If we hadn’t been afraid of getting bitten by mosquitoes carrying lethal enchephalitis, it would have been a perfect day to take pictures of the flowers on the river. Everything was in full bloom. Pink, white, red, golden … I don’t know the names of anything, but I love the way the wildflowers line the river banks as if some talented gardener arranged it all.
I never really gave sidewalks much thought. If I had thought about them at all, I would have imagined they had always existed, which is only partially true.
The first sidewalks came into being around 2000 B.C. – a millennium or two after the invention of the wheel. Here’s the interesting part: they were rare luxuries in most of the world until as late as the 19th Century.
That’s when big cities like London and Paris built hundreds of miles of sidewalks to deal with the chaos in the roadways. Until then, “For most of human history, vehicles, pedestrians, vendors, musicians, drinkers and strolling lovers all mingled in the same amorphous muck of the avenue.” Washington Post, June 30, 2019, “The Death of the Sidewalk,” by Avi Selk.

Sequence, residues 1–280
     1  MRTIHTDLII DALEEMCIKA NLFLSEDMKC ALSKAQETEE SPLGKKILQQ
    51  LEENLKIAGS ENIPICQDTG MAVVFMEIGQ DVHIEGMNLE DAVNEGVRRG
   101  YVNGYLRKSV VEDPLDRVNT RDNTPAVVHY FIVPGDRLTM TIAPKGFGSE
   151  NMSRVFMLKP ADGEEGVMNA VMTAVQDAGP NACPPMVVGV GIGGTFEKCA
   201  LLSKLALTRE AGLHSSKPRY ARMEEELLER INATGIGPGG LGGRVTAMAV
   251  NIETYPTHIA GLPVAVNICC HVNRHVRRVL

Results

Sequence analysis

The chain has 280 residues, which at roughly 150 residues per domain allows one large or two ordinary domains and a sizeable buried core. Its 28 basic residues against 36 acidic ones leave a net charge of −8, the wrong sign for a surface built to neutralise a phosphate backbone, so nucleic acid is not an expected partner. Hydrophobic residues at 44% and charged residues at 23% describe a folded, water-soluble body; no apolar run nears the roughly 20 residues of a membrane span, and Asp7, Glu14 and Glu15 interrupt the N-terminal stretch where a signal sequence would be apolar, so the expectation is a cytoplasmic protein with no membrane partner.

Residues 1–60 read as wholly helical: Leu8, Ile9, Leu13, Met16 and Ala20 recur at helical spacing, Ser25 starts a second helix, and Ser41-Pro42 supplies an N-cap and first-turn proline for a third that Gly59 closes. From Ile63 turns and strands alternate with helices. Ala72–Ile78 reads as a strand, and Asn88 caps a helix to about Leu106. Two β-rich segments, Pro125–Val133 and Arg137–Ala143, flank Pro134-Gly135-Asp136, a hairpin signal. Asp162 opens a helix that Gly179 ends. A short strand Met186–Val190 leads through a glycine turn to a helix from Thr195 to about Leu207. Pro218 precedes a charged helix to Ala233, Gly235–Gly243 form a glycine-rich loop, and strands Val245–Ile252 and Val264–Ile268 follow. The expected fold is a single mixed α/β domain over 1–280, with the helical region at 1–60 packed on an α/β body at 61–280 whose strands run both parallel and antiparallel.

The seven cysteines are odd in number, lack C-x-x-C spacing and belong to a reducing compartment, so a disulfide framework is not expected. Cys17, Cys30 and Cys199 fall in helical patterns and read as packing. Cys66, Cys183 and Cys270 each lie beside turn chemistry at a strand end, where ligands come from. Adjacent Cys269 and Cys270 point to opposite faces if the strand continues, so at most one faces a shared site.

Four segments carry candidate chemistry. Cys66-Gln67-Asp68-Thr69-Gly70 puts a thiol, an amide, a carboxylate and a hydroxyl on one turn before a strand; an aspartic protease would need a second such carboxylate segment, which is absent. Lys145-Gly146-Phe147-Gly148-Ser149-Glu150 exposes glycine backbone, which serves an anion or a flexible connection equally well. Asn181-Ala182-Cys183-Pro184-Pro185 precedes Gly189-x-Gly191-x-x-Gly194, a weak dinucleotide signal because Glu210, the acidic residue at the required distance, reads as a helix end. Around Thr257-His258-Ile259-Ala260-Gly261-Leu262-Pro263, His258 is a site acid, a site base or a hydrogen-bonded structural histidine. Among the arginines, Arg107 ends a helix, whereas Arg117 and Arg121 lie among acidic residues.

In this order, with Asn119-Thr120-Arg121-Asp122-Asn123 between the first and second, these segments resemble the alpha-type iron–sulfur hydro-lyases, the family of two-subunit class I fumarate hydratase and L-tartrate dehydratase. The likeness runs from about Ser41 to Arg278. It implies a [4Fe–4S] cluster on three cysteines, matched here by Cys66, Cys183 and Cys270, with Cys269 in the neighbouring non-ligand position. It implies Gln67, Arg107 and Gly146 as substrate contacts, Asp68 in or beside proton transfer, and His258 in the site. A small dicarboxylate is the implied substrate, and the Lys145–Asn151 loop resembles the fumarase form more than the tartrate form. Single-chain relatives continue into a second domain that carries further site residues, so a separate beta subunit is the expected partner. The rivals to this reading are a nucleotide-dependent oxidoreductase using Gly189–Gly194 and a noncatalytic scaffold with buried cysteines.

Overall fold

The 1800s saw the first attempt to make the roadways more efficient by dividing them up into sections with regulated use designated for each section. The word “jaywalking” didn’t even exist until the early 20th century. That’s the first time pedestrians were fined for using the part of the street where they weren’t supposed to be.
Non-walkers were also penalized for using the sidewalks without proper authorization. Cities started prohibiting and/or regulating all kinds of sidewalk activities, like vendors, food stands, musicians, panhandlers, and prostitutes.
The division of space into walkers and vehicles eroded over time with bicyclists and stationary homeless people, among others, invading the precious territory of the walkers. Cities kept coming up with new limitations, like bike lanes, to try to deal with the problems that came up. But as vehicles became more prevalent, from horse-drawn carts to trolleys to cars, streets got widened and sidewalks narrowed.
In 1896, The Times started a “Crusade against the sidewalk grabbers.” It wrote, “The pedestrians now … must spend their time in a hurdle race over skids, climb platforms, dodge moving boxes or else run the risk of being crushed under horses’ hooves in the street.” Washington Post article cited above. Apparently, pedestrians felt they had to fight for a safe walking space among the vendors and construction crews that were encroaching on their walking space.
Today there’s a new threat to the safety and sanity of pedestrians all across America.
Electric scooters are usurping sidewalk space at a dangerous, 10, 15 or even 20 miles per hour. They clog the sidewalks, endangering walkers and creating obstacles when they are left strewn carelessly in the streets. There have been many reported injuries from collisions as well as from people tripping over randomly abandoned scooters.